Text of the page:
Thursday, May 19, 2011

Book Review: Baltimore Volume 1: The Plague Ships by Mike Mignola, Christopher Golden, and Ben Stenbeck

No, I do not read solely for the sake of research - I also read for the pleasure of reading, to appease my longing for a carefully crafted and eloquently told story. That desire was certainly met when I read Mignola and Golden's illustrated novel, Baltimore: Or, The Steadfast Tin Soldier and the Vampire in 2007, and once again by the most recent installment of the story, The Plague Ships.

The novel introduced Lord Henry Baltimore, a member of the British aristocracy who had left his family behind to serve his country in the battlefields of France during World War I. While in the trenches, he discovered something far more terrifying than the Hessian savagery he had expected. Injured and nearly delirious, Baltimore witnessed an ancient evil feeding on the dead and dying, and then he fought back against it. His out-lash and determination to survive ignited another war, one much worse than the battle between nations - a war between humanity and a vampire horde.

The Plague caused by the vampires infested Europe in waves, bringing WWI to an end. Years have passed, and people in every town and village live in fear of strangers, the dark, and the dead who do not always stay dead. It is at this point where we step into Baltimore Volume 1: The Plague Ships, a graphic novel that introduces the next turn in the title character's fate.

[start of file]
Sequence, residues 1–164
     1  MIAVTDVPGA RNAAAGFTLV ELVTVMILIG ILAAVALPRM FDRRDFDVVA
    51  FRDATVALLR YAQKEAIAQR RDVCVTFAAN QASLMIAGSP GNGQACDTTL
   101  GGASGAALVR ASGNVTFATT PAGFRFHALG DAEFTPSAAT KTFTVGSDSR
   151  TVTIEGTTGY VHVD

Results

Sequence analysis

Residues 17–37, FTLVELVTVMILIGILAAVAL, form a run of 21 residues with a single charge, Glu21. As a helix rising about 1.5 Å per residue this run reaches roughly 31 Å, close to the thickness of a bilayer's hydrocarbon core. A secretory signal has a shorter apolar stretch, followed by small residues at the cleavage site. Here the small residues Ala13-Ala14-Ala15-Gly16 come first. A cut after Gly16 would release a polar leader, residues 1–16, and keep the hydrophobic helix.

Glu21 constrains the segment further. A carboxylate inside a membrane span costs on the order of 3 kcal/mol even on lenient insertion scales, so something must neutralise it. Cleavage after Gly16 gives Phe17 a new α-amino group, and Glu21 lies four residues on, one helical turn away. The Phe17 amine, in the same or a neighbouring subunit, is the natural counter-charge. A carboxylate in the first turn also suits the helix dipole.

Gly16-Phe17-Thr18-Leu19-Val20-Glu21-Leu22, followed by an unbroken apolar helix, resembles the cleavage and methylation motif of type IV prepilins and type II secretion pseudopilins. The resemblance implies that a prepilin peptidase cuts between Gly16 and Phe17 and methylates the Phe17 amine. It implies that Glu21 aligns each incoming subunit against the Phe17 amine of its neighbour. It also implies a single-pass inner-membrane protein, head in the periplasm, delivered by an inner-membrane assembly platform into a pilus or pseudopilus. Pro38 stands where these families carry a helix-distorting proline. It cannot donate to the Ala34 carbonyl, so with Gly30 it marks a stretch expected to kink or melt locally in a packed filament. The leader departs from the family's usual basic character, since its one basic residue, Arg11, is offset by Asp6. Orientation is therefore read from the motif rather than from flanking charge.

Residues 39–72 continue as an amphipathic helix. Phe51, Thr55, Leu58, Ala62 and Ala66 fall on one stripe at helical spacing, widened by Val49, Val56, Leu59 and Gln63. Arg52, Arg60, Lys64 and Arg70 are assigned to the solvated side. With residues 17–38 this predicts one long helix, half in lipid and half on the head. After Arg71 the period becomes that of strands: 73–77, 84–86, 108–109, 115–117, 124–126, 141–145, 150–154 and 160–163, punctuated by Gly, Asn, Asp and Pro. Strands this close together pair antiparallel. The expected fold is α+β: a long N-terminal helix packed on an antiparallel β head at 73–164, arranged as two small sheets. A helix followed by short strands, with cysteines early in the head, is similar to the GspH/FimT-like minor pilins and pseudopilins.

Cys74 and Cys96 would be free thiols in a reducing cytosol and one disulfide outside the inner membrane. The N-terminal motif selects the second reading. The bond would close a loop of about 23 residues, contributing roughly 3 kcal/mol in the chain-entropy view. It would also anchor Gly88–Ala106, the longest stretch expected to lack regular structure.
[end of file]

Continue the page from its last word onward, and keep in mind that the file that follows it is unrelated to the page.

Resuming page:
Baltimore, on a quest to destroy the leader of the vampires, finds himself with an unlikely companion during one leg of his journey, and the two fight together against the undead and find an astonishing clue about the origins and perpetuation of the vampire plague. The images during these scenes pull no punches, and have most certainly pushed (maybe even distorted) the boundaries of horror comics. There is no gore simply for gore's sake, mind you, every frame adds another tiny glimpse of Baltimore's inner struggle.

Mignola and Golden truly shine in their storytelling, while Ben Stenbeck (of Living With the Dead) does a stunning job of adapting Mignola's artwork for this action-filled graphic novel. This is the first up-close look the reader really has of Lord Baltimore, and he is every bit the scarred and stoic action hero one hopes him to be.

While the horror comics of decades past were heavily plot-driven, Baltimore Volume 1: The Plague Ships draws the reader in and propels him forward with the instant allure of the book's title character. This dark and moody story is reminiscent of Mignola's earlier Hellboy volumes, but seems to delve much deeper into the shadows without the safety of Hellboy's wisecracks and comic relief.

I fell in love with the beautiful balance of action and emotion in this graphic novel. Because of that, I give it two thumbs up. If you're a fan of the horror genre but have never crossed the borders into the realm of comics or graphic novels, I urge to you dive in with Lord Baltimore!

Baltimore Volume 1: The Plague Ships is scheduled for release from Dark Horse Comics on June 28, 2011.

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